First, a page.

Synthese 167 (3):311 - 320 (2009)

Authors
Katalin Balog
Rutgers University - Newark
Abstract
Proponents of non-conceptual content have recruited it for various philosophical jobs. Some epistemologists have suggested that it may play the role of “the given” that Sellars is supposed to have exorcised from philosophy. Some philosophers of mind (e.g., Dretske) have suggested that it plays an important role in the project of naturalizing semantics as a kind of halfway between merely information bearing and possessing conceptual content. Here I will focus on a recent proposal by Jerry Fodor. In a recent paper he characterizes non-conceptual content in a particular way and argues that it is plausible that it plays an explanatory role in accounting for certain auditory and visual phenomena. So he thinks that there is reason to believe that there is non-conceptual content. On the other hand, Fodor thinks that non-conceptual content has a limited role. It occurs only in the very early stages of perceptual processing prior to conscious awareness. My paper is examines Fodor’s characterization of non-conceptual content and his claims for its explanatory importance. I also discuss if Fodor has made a case for limiting non-conceptual content to non-conscious, sub-personal mental states.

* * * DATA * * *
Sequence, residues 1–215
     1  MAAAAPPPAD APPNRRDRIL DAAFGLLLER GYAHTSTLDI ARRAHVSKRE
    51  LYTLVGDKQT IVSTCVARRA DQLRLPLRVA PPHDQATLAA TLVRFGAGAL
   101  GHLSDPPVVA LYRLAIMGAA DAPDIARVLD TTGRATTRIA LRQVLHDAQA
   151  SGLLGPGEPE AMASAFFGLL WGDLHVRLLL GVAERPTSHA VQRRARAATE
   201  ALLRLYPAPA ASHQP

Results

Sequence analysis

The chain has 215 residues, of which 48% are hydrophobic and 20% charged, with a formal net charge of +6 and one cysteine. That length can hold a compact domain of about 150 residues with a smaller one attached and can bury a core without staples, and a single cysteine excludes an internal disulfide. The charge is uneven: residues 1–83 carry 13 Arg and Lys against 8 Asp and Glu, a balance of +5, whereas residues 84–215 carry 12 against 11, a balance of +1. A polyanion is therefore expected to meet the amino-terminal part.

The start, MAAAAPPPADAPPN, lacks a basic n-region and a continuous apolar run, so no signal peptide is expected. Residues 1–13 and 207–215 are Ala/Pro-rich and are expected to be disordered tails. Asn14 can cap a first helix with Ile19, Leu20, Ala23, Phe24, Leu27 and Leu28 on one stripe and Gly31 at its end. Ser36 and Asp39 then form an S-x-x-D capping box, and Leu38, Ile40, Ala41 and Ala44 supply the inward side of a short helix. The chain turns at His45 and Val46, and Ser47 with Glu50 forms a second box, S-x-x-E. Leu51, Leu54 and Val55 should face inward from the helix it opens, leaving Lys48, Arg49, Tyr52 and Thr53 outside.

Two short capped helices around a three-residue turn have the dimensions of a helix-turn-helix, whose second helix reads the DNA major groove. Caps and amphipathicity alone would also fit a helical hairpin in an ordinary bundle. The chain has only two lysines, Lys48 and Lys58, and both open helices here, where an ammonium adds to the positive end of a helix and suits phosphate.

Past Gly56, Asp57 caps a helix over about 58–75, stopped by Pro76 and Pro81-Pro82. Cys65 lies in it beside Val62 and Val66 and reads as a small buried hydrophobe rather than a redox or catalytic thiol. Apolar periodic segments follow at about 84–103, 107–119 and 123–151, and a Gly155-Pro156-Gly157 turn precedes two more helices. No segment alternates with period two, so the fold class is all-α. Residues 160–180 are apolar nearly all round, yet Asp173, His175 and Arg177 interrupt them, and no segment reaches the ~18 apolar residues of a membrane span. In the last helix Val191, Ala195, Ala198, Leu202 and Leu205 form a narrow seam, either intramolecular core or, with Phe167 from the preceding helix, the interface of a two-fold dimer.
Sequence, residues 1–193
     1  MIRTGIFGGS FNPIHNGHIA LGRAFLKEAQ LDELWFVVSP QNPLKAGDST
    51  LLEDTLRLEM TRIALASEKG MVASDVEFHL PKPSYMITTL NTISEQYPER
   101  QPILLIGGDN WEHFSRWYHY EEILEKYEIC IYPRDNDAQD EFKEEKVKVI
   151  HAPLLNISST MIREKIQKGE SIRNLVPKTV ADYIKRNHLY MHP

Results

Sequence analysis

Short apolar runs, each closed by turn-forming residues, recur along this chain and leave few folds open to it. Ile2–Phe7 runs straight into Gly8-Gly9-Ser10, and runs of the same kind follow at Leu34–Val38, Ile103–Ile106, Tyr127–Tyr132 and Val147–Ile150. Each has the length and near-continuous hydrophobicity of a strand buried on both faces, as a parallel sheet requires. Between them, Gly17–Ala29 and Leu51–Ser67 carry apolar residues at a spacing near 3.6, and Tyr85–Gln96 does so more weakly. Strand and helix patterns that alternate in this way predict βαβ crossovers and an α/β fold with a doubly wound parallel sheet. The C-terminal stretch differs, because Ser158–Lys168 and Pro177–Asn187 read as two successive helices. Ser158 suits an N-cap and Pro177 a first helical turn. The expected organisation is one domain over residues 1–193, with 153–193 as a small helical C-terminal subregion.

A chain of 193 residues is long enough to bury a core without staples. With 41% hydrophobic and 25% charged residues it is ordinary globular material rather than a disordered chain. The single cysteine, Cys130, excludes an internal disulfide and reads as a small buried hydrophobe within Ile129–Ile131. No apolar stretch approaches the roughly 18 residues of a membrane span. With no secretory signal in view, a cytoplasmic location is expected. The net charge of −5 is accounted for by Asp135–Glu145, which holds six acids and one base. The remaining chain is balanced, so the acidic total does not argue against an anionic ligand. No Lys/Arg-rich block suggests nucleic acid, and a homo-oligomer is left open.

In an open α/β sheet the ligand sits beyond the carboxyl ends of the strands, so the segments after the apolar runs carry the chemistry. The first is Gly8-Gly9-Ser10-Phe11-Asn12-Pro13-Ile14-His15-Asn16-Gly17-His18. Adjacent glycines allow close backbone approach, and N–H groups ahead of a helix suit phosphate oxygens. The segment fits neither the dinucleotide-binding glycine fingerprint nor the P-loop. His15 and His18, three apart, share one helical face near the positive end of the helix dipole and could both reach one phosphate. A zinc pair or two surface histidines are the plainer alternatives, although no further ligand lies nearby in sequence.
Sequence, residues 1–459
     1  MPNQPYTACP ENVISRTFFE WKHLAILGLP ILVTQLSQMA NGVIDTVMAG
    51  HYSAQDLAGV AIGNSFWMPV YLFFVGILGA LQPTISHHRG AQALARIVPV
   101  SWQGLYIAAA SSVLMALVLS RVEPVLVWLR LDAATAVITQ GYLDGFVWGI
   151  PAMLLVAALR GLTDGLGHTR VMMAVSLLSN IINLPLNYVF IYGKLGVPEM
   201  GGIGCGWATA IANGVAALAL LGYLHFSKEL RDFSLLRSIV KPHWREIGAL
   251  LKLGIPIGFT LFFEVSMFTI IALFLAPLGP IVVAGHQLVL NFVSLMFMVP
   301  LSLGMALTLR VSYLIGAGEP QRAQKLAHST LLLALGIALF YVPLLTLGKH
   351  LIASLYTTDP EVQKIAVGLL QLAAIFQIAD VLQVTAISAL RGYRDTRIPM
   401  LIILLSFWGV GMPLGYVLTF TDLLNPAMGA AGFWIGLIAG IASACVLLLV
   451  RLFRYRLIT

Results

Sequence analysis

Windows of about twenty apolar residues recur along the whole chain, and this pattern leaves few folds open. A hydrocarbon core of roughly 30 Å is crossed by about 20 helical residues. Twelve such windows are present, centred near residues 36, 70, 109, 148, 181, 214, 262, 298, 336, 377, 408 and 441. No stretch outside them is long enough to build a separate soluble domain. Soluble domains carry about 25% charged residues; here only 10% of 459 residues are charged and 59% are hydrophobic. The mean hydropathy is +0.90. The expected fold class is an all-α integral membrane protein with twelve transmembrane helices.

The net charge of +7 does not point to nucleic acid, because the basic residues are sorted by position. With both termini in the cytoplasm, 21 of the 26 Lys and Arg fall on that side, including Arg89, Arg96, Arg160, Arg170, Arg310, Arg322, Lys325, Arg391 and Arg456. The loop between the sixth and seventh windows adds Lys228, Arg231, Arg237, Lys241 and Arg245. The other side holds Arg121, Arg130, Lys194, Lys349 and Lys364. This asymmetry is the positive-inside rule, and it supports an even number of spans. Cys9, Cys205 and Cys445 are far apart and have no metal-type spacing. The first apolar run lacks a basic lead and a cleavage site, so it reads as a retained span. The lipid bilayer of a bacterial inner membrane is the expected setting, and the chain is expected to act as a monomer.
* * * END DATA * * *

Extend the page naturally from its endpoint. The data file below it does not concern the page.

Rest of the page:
Keywords non-conceptual content  unconscious mental states  iconic representation  perceptual representation
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DOI 10.1007/s11229-009-9585-x
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References found in this work BETA

The Varieties of Reference.Gareth Evans - 1982 - Oxford University Press.
Mind and World.John McDowell - 1994 - Cambridge: Harvard University Press.
Empiricism and the Philosophy of Mind.Wilfrid S. Sellars - 1956 - Minnesota Studies in the Philosophy of Science 1:253-329.

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Citations of this work BETA

Analog Representation and the Parts Principle.John Kulvicki - 2015 - Review of Philosophy and Psychology 6 (1):165-180.
Experiencia perceptual y sustento epistémico.José Luís Falguera & Santiago Peleteiro - 2014 - Revista de Filosofía (Madrid) 39 (2):7-32.

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